A striking feature of adaptive embeddings is that they inherent important geometric properties of the training cloud of data points, as a finite approximation of the underlying, unknown manifold. This is a consequence of spectral decomposition via SVD. Preliminary studies, conducted mainly within the graphics community, indicate that the eigenvalues of the affinity matrices constructed via graph Laplacian, for instance, are functions of the topological invariants of the manifold. Moreover, the embedding cloud is invariant to interesting classes of deformations, such as rigid and articulated motion. This allows to solve the data association problem directly in the embedding space by simple orthogonal alignment. In the last few years researchers have also noticed that the zero-level set or “nodal sets” of the eigenvectors of the affinity matrix are located in correspondence of the main symmetries axes of the original cloud of data points. Despite the growing interest around graph/based embeddings, a full explanation of their attractive geometric feature has proved elusive. However, as random projections preserve (with high probability) pairwise distances after projection in a much lower dimensional measurement space, a (for instance) cascade combination of random compression and adaptive embedding will likely preserve such geometrical features. The exact characterization of these conservation results will be a cornerstone of this strand of our research.

Alternative solutions to the large scale manifold learning problem [Tubingen?].

As we are acutely aware of the foundational nature of the studies, and the associated risk, we believe it will be wise to pursue in parallel alternative approaches to the issue of large scale manifold learning. Very recently approximate spectral decomposition algorithms have been proposed to reduce the computational complexity of the SVD-like stage common to many embeddings schemes, such as the Nystrom method or column sampling approximation. Even though such methods are based on random selection of columns of the affinity matrix, they are very different in nature from the random projection paradigm. Properties and limitations of such approximate schemes are not yet understood. Any knowledge gained from their study could prove crucial in the development of a coherent hybrid framework. In addition, it has been noticed that the other serious bottleneck of traditional embeddings is the computation of a graph approximating the given training set. This in turn requires the detection of a (usually fixed) number of nearest neighbors for each sample point. Fast nearest neighbor algorithms such as PSH could be the key to dramatically improving the performance of adaptive embeddings in large scale contexts. Open questions concern the desirable properties of adaptive embeddings after such approximations: which of these features survive?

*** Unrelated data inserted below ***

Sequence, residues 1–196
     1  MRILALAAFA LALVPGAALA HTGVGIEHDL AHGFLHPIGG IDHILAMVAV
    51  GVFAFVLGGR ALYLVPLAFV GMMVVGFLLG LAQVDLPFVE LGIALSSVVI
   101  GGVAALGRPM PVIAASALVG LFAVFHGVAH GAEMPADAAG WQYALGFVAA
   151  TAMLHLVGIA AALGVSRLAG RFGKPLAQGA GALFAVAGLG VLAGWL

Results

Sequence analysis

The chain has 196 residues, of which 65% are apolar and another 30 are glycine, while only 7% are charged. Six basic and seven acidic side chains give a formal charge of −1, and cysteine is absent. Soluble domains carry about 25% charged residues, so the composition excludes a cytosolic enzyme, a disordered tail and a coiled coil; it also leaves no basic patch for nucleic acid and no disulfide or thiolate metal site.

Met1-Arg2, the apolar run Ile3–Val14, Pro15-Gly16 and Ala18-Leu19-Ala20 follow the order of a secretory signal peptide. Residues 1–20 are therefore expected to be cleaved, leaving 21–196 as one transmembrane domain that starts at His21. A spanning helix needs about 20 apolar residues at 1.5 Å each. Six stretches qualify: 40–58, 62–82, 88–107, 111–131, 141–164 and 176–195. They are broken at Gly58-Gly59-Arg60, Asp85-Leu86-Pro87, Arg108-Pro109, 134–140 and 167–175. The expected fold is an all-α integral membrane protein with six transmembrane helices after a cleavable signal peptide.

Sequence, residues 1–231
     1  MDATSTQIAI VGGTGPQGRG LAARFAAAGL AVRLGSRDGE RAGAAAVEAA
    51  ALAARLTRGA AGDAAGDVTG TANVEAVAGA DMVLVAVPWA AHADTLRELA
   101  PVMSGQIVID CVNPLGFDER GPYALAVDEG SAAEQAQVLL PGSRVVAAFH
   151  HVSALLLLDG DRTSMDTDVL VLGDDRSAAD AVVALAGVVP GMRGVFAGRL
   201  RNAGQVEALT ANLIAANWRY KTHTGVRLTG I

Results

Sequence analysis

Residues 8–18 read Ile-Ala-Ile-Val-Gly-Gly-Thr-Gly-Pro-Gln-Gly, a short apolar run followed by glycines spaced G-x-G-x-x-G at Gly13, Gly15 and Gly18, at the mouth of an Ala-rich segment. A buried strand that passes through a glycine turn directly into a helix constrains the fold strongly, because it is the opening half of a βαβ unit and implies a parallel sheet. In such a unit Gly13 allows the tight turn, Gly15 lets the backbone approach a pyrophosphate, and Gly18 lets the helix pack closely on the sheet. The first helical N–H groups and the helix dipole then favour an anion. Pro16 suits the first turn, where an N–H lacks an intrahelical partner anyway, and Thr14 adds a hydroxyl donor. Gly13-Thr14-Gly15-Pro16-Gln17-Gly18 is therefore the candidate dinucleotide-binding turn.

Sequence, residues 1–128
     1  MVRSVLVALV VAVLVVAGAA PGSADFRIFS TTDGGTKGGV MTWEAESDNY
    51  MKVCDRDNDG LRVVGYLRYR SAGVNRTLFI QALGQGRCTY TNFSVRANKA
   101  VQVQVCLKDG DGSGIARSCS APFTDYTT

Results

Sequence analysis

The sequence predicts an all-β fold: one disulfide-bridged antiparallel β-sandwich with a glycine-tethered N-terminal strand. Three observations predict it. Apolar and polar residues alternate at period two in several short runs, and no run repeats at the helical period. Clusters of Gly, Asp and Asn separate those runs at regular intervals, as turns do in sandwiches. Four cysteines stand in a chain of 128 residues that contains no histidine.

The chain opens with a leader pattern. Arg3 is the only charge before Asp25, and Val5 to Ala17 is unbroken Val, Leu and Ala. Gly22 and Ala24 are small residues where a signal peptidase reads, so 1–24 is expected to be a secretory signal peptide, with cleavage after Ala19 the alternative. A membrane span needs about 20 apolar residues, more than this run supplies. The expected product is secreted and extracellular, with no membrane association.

Development of machine learning algorithms after hybrid embedding [Brookes/Technion/INRIA?].

The crucial properties that a hybrid scheme inherits from that of non-adaptive random projections and adaptive graph-based embeddings open enormous possibilities of radically influencing numerous fields of machine learning such as classification, shape analysis, and clustering. Classification. SVMs are very effective and popular tools for supervised classification. However, their applicability is seriously limited by the huge number of features involved, for instance, in challenging vision problems such as scene understanding. Very recently the possibility of designing support vector machines directly in the measurement space after appropriate random projections has emerged. This is due to the Restricted Isometry Property (RIP), which ensures that pairwise distances are preserved in the measurement space with high probability. This has potentially groundbreaking consequences for the entire field.
Invariant shape signatures. As geometric features of adaptive embeddings are inherited by hybrid schemes, fast invariants can be computed in the measurement space for classification purposes. As the embedded cloud is invariant to important classes of transformations, shape invariants can be computed there in order to classify non rigid shapes in a robust and efficient way. Similar approaches such as shape DNA have been attempted using traditional embeddings. The community’s understanding of exactly which classes of deformations guarantee invariance is still embryonal.

Applications of developed algorithms to computer vision, motion analysis, medical imaging [INRIA, Brookes, UPF].

We plan to test the developed hybrid learning framework and the accompanying array of novel machine learning tools to a wide, interdisciplinary range of challenging real world problems, exploiting the range of expertise available within the consortium.